Print 18 comment(s) - last by bhieb.. on Nov 15 at 5:30 PM

Increasingly internet users online activities are being monitored and sold by large companies, landing some users in embarassing or financially damaging situations. Some privacy advocates are calling on the U.S. government to regulate how much user info can be collected.  (Source: Telegraph UK)
Industry coalition is pushing for tougher privacy legislation -- but is it a trojan source to sneak in monitoring?

In light recent data breaches like AT&T's accidental release of 100,000+ iPad customers' email addresses (including both Democratic and Republican politicians), some in the software industry and government are pushing for tougher privacy standards.

Among those companies pushing for improvements is Microsoft.  Peter Cullen, chief privacy strategist for Microsoft Corp, speaking at the Family Online Safety Institute's annual conference, states, "Information is the currency of growth, but it's also increasingly become the currency of crime.  People have very high expectations when it comes to companies in terms of how they collect, use, store and most importantly protect their information."

Its unacceptable for internet service providers and wireless carriers to let data be stolen or sell private data, he believes.

Online reputation-management company ReputationDefender founder, Michael Fertik, told a government panel recently that some people are suggesting that the U.S. government step up and force ISPs to give customers an easy to use interface to control what kinds of personal data they want to allow to be collected -- the strategy employed by European regulators.  He argues that most customers don't even realize that online media companies (e.g. Facebook, Google) are tracking their online behavior.  In a conversation with Reuters he states, "It's remarkable how deep the data sets are about each of us, and it's disturbing."

While data miners like Google and Yahoo in cutting its data retention times, the companies regularly collect data on users' "private" internet activities -- particularly web searches.  That data could increasingly land some users in trouble.  For example, health insurers are investigating using mined search data to monitor how often users frequent fast food restaurants, increasing premiums accordingly.  And some private investigation firms want to use searches for dating sites to ID infidelity.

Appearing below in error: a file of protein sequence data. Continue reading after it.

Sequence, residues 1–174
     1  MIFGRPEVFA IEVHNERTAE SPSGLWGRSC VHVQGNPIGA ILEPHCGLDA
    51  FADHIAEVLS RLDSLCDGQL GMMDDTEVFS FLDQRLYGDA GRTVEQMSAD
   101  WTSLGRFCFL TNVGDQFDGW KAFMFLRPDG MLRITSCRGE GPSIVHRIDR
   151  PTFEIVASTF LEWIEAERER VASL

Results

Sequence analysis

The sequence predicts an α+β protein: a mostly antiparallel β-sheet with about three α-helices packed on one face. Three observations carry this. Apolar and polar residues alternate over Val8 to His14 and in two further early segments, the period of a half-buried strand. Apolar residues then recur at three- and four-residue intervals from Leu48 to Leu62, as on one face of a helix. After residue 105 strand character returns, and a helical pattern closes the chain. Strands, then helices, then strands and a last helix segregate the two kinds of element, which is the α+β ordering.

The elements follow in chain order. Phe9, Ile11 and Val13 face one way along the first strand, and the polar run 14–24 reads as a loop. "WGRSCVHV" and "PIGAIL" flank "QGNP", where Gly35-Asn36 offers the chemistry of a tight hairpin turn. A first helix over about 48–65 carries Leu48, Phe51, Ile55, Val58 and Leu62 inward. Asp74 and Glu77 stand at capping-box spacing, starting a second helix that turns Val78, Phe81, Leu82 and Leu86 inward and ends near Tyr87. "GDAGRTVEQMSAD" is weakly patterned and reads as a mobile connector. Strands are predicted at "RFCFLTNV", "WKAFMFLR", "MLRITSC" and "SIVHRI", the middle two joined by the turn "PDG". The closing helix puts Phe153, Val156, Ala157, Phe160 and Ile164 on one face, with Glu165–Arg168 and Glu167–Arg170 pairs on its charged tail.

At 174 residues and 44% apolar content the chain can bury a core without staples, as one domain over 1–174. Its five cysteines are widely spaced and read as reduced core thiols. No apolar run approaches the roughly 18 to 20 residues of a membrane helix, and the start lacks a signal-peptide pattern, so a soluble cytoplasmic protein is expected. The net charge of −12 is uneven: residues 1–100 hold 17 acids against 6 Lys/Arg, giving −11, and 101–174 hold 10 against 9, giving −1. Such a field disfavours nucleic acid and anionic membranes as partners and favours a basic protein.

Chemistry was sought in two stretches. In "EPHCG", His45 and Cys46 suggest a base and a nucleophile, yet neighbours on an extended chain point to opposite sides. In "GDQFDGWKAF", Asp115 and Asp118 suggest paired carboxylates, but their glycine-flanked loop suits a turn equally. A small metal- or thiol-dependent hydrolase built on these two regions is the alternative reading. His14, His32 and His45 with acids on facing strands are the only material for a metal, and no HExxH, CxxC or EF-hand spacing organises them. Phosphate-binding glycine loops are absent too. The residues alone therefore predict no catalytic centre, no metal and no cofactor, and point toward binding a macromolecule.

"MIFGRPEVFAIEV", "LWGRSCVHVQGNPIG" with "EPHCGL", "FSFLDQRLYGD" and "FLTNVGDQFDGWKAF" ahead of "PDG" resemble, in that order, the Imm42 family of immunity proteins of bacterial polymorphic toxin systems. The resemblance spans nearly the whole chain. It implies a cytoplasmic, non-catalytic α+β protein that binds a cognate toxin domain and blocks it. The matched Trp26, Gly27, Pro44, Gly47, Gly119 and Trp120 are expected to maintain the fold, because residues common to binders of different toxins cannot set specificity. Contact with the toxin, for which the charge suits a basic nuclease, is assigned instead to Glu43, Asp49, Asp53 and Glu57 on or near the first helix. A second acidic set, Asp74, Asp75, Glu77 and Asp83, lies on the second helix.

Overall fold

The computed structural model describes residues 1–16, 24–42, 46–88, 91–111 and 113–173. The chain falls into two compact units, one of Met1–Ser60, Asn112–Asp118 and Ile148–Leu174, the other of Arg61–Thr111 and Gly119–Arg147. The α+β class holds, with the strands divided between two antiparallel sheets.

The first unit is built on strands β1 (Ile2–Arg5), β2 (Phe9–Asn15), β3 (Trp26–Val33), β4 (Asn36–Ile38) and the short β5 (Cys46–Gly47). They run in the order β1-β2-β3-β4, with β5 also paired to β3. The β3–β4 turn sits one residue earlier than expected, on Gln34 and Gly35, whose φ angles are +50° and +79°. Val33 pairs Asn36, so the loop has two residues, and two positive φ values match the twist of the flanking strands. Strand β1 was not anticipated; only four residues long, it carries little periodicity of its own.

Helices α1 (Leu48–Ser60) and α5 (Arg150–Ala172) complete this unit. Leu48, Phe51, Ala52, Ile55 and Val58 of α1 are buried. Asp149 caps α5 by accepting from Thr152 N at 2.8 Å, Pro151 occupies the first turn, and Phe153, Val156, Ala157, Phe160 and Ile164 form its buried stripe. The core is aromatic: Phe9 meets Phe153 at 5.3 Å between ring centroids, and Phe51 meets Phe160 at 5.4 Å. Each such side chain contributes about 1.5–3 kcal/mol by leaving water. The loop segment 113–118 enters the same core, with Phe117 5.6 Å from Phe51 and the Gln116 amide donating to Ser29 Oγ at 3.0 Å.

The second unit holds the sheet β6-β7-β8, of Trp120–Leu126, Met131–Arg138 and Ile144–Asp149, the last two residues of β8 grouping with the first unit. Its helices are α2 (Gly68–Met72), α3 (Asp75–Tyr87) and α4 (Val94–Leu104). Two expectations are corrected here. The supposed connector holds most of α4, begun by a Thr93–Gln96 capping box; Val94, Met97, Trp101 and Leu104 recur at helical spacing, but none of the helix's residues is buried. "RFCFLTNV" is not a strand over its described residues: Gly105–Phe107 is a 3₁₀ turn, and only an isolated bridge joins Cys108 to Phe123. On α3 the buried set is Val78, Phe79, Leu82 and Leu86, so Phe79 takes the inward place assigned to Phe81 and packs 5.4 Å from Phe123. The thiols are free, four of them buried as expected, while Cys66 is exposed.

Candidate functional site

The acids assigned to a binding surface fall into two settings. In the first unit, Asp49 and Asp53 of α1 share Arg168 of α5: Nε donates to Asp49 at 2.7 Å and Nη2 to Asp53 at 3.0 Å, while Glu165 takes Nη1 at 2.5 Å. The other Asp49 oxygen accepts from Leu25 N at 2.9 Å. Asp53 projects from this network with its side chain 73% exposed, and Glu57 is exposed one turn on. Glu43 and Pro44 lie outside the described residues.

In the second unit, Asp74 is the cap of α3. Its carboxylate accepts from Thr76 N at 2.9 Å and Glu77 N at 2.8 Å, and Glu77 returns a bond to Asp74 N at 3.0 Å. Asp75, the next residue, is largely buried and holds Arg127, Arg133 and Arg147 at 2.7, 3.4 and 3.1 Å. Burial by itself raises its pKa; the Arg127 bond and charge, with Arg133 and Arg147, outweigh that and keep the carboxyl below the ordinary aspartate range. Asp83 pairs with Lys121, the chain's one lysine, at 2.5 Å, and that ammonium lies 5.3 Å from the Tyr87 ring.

Mr. Fertik says that expecting advertising-driven companies to self-censor when there's profit to be made is a questionable proposition.  He stated to us, "It is impossible to run a digital media company and care deeply about privacy."

Microsoft, despite doing some data mining of its own, earned Mr. Fertik's praise.  The key differentiation, as he sees it, is that Microsoft does not make the majority of its profits from advertising and thus has far less to lose from protecting privacy than its rivals.  He commented to us, "Microsoft and IBM dont make most of their money off advertising, so there's [little] tension between money and privacy."

He also tells us that he supports legislation to make it easier to opt out of data mining, stating, "It should be easier to opt out."

Congress is currently debating the proposal of new privacy laws that could offer users new protections in an increasingly web-connected world.  The idea has some support with both parties -- and some opposition from members of both parties, as well.  Amy Mushahwar, a data privacy and security attorney at Reed Smith LLP, states, "This is a much less partisan issue that still has the potential for movement."

Some privacy advocates are concerned, though that the U.S. Congress might use a "privacy" bill as a Trojan horse to sneak in increased anti-piracy provisions and proposed warrantless government monitoring of U.S. citizens online.

Updated: Nov 12, 2010 2:20 p.m.

There was some ambiguity in the interview Mr. Fertik gave Reuters, regarding whether he was directing his comments towards Microsoft.  We briefly interviewed him and have gained more perspective on his opinions.

Mr. Fertik made it clear to us that actually he holds a positive opinion of Microsoft and that he does not give negative comments about specific companies -- only positive ones.  When giving critical comments he refers in generalities like "media companies".  It is, however, pretty easy to figure out who the biggest-advertising driven forces on the internet are, so the remarks aren't too cryptic.

ReputationDefender is a company users can pay to remove their personal information from mining database and to lock those databases from collecting future information on their activities.

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RE: Huh?
By JediJeb on 11/10/2010 6:28:47 PM , Rating: 3
All fine and good, but what if for some reason you are searching for something bad for say a research project for your kids then even though you are Mr. Healthnut you end up having higher rates because the insurance company thinks you are high risk? A person's web searching habits may not be an accurate indicator of that person's actual habits. Even worse is if someone were to hijack your wireless connection and you end up being tagged as interested in things you would never even think about looking up. Too many ways for the data to be inaccurate for this to ever be something that should be allowed.